Younger United fans shocked by their side’s winless start at home in the new Premier League season should be relieved they can’t remember as far back as 1972/73.
United have failed to win any of their first three Premier League fixtures at Old Trafford this season, but forty-eight years ago, it was much, much worse. They took six matches before before recording their first league victory at home. It was also their first in the league anywhere, at the tenth time of asking.
Two of the Holy Trinity, Charlton and Law were approaching the ends of their careers and a troubled George Best had already begun his meanderings.
They had finished a disappointing eighth the previous season after being 5 points clear (2 pts for a win in those days) and missing out on a UEFA Cup spot by three points. Bobby Robson’s Ipswich Town were the opening day visitors to an Old Trafford complete with brand new Scoreboard End cantilever stand and executive boxes. It was Best’s first appearance since announcing his retirement from football three months previously at the ridiculously young age of 25.
United were pedestrian, indecisive at the back and had fallen two behind when Irish international Bryan Hamilton volleyed home a stunner in the 84th minute. The slow-handclaps had already begun around Old Trafford, when Law reduced the arrears with two minutes to play, the Scotsman’s consolation proving too little too late.
United travelled to Merseyside twice in a week, losing by the same 0-2 scoreline to each of Liverpool and Everton, before Leicester City, with only a solitary point from three games themselves, arrived for a midweek date at Old Trafford.
United managed a 1-1 draw, their first point of the season, and found themselves rooted to the foot of the table. George Best’s 41st min penalty cancelled out Frank Worthington’s 26th minute opener for the Foxes.
Similarly to this season, the next clubs to visit Old Trafford were Arsenal and Chelsea. The Gunners of Kennedy, Ball and George vintage were first, arriving as early league leaders with 7 points from their opening four matches. Chelsea in third, visited four days later. Bobby Charlton was named substitute and United 21st by then, were only kept off the bottom by West Bromwich Albion.
Both games against the Londoners proved to be dour struggles, each ending scoreless. But at least United had three points and although still 21st, had the scant consolation of West Brom being replaced in bottom spot by bitter rivals Manchester City.
As August turned to September United snatched a draw at Upton Park, Best and Storey-Moore goals cancelled out by a brace from Bryan ‘Pop’ Robson.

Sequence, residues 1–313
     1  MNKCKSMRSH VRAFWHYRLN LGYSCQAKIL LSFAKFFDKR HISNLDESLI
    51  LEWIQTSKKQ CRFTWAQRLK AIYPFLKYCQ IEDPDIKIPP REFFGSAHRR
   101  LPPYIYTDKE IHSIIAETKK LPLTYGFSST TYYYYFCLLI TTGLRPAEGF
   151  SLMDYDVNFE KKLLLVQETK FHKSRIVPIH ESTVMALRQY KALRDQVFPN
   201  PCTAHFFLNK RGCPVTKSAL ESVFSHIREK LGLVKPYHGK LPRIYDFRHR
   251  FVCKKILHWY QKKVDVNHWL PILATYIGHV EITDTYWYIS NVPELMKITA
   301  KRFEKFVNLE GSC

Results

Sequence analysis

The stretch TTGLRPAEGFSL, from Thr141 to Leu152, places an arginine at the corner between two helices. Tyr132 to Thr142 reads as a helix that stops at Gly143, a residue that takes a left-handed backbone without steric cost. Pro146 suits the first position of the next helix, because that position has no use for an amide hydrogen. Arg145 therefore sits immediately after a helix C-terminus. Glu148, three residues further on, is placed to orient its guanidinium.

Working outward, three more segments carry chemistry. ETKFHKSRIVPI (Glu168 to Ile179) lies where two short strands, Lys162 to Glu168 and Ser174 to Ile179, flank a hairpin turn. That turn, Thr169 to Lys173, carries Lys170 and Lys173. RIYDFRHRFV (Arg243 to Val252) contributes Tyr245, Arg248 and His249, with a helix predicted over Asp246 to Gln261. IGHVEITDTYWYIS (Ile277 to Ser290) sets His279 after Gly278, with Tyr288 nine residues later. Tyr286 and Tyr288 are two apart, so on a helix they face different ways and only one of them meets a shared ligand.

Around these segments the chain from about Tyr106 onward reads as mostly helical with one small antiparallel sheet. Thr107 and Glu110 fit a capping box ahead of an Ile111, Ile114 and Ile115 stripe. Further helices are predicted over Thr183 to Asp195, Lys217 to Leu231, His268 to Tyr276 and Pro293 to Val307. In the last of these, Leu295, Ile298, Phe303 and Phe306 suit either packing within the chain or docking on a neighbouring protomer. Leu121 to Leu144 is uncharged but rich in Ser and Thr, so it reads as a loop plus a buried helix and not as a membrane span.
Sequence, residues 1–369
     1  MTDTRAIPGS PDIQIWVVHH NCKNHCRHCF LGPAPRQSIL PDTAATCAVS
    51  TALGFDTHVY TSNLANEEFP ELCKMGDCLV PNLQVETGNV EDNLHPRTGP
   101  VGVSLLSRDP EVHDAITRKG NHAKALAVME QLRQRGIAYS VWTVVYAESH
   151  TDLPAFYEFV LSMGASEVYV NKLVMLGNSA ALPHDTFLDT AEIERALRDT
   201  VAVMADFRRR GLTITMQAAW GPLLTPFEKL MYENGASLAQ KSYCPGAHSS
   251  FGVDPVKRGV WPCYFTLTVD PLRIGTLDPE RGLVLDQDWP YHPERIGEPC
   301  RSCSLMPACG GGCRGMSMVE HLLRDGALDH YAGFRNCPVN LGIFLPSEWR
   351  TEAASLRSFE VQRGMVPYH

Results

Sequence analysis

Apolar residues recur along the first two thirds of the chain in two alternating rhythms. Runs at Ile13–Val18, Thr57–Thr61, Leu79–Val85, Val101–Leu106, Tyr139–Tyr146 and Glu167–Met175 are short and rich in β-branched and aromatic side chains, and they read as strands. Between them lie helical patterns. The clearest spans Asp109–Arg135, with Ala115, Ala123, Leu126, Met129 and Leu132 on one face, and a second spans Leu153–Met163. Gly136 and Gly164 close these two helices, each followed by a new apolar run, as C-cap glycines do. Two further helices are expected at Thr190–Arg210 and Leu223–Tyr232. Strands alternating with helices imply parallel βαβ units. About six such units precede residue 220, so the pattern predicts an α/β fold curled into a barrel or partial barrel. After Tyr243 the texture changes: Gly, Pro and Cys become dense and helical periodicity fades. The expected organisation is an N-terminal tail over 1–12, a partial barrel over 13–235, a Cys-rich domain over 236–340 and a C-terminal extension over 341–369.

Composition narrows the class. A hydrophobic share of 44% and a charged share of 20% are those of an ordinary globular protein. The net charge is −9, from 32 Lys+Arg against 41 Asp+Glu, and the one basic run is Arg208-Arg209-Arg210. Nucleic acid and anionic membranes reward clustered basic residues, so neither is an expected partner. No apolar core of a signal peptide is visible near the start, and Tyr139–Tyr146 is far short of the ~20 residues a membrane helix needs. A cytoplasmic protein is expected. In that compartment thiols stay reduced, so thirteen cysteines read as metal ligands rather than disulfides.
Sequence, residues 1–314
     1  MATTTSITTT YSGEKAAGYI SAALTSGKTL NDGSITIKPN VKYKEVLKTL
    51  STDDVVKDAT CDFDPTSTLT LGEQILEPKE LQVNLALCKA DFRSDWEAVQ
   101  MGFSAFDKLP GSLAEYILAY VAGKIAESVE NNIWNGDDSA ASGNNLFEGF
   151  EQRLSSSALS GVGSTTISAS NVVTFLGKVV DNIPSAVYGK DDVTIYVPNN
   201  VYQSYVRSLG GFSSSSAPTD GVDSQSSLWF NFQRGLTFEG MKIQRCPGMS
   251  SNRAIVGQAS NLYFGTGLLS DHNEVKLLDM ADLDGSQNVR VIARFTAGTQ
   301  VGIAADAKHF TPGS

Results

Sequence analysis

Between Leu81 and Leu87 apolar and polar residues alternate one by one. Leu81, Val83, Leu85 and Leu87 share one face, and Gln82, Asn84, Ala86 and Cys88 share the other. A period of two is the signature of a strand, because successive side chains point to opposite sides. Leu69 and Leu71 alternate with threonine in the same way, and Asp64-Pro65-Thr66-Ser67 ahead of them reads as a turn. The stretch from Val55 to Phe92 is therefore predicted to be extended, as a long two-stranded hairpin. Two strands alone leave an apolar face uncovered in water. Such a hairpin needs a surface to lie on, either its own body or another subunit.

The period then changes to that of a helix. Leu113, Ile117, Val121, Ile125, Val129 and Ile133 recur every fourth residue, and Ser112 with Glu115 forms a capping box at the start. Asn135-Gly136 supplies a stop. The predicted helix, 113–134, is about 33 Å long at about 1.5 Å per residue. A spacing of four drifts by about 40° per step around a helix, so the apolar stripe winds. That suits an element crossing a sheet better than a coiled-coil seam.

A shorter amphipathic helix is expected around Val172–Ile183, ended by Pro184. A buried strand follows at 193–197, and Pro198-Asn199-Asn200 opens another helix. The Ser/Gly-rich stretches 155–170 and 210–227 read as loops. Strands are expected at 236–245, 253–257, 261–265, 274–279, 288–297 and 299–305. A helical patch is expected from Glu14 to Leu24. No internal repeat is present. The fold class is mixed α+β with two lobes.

Still they couldn’t win, But surely all would come good during the visit of Coventry City, themselves struggling just a point above United.
The Sky Blues had other ideas though and left Old Trafford with the points after a 55th minute winning goal by Scottish international midfielder, Willie Carr. United again were rock-bottom, level on points with neighbours City, who had a superior goal average. How depressing was Manchester football in early 72/73?
Eight games played, five at home and still winless. It doesn’t get much worse than that. Yet it did! Derek Dougan and John Richards weighed in with goals before and after half-time to set up a 2-0 success for Wolves in the Black Country.
Under pressure manager Frank O’Farrell then splashed out £60,000 on Welsh international striker Wyn Davies from cross-city rivals Manchester City, and the inclusion of the striker who made his name mostly in the north-east with Newcastle United, immediately paid dividends.
Davies made a scoring debut the following weekend, in a 3-0 success over Brian Clough’s Derby County, the reigning champions. In United’s sixth home league game of the campaign, finally a win! The other scorers were Storey-Moore and Morgan.
Davies, past his best, lasted only until the end of the season a United player, before joining Blackpool.
The aging Law was injured for much of the campaign and O’Farrell splashed the cash on another striker, Ted MacDougall from third division Bournemouth and paired MacDougall and Davies up front. It didn’t work. The Irish manager was fired after a 5-0 defeat to Crystal Palace about a week before Christmas.
On the same day, United directors announced that the errant George Best, who’d gone missing again, would not play for them again.
Tommy Docherty was appointed as O’Farrell’s replacement soon after, and restored Best to the side briefly, before the Irishman left for good. But he was able to keep United in the first division, finishing 18th, 7 points above Crystal Palace and 9 above West Bromwich each of whom made the drop (only two clubs relegated in those days).
‘The Doc’ had resigned from his post as boss of the Scottish national team before accepting the hot-seat at Old Trafford, and a large part of his plan for keeping United up involved a recruitment drive of Scottish internationals, causing SHOOT magazine to refer to United in a centre-spread as MacChester United.
Lou Macari (Celtic), George Graham (Arsenal), Jim Holton (Shrewsbury Town) and Alex Forsyth (Partick Thistle) all joined within a short time of Docherty’s arrival.
It only staved off the inevitable however, United were relegated the following season, before Docherty, with a new, bright young team including not so many Scotsmen, led them back to the promised land and promotion at the first attempt.
So often things are never just as bad as they seem.
But of course football has changed in the near fifty years since when United’s bad old days did actually carry the threat of relegation. Nowadays an equivalent crisis would probably be missing out on Europe or a Champions League place.
United will still be incredibly anxious to get that first home win of this season under their belts. Watch out Arsenal on Sunday!